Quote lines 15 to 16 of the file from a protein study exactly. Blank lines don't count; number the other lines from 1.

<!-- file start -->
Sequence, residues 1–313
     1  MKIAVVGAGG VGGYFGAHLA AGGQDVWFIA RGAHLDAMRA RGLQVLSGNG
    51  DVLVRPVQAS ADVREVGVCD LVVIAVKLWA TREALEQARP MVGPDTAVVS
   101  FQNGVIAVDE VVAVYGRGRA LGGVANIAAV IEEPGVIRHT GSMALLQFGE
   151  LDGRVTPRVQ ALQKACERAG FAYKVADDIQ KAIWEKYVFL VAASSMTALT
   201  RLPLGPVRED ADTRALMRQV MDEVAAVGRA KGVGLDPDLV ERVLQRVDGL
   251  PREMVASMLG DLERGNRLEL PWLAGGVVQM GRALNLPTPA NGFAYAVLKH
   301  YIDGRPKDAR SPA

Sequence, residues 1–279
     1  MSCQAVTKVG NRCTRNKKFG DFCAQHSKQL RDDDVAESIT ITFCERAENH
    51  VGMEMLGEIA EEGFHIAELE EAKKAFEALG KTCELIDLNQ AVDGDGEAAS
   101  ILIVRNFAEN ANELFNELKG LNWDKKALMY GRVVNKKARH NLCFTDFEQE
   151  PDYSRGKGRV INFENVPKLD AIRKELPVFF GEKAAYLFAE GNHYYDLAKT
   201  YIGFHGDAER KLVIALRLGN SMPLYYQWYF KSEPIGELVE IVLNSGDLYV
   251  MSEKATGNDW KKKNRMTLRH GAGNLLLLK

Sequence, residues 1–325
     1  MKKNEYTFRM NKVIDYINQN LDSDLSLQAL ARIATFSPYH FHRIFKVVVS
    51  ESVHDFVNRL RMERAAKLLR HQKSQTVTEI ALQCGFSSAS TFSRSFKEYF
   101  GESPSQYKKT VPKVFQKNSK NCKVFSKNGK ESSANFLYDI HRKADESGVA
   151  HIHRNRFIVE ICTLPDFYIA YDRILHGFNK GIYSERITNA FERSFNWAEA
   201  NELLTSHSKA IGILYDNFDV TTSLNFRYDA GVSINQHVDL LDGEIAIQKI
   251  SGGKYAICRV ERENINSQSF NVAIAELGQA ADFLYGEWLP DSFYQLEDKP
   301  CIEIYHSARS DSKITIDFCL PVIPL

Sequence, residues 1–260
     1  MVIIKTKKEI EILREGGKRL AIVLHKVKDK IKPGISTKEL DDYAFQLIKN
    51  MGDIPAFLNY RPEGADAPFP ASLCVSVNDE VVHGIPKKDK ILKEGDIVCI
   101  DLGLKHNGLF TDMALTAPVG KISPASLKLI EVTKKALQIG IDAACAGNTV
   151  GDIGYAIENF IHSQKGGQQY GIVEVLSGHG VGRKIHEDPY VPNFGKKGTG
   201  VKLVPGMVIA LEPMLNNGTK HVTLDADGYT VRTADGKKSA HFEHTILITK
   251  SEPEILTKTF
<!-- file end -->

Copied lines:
   251  MSEKATGNDW KKKNRMTLRH GAGNLLLLK

Sequence, residues 1–325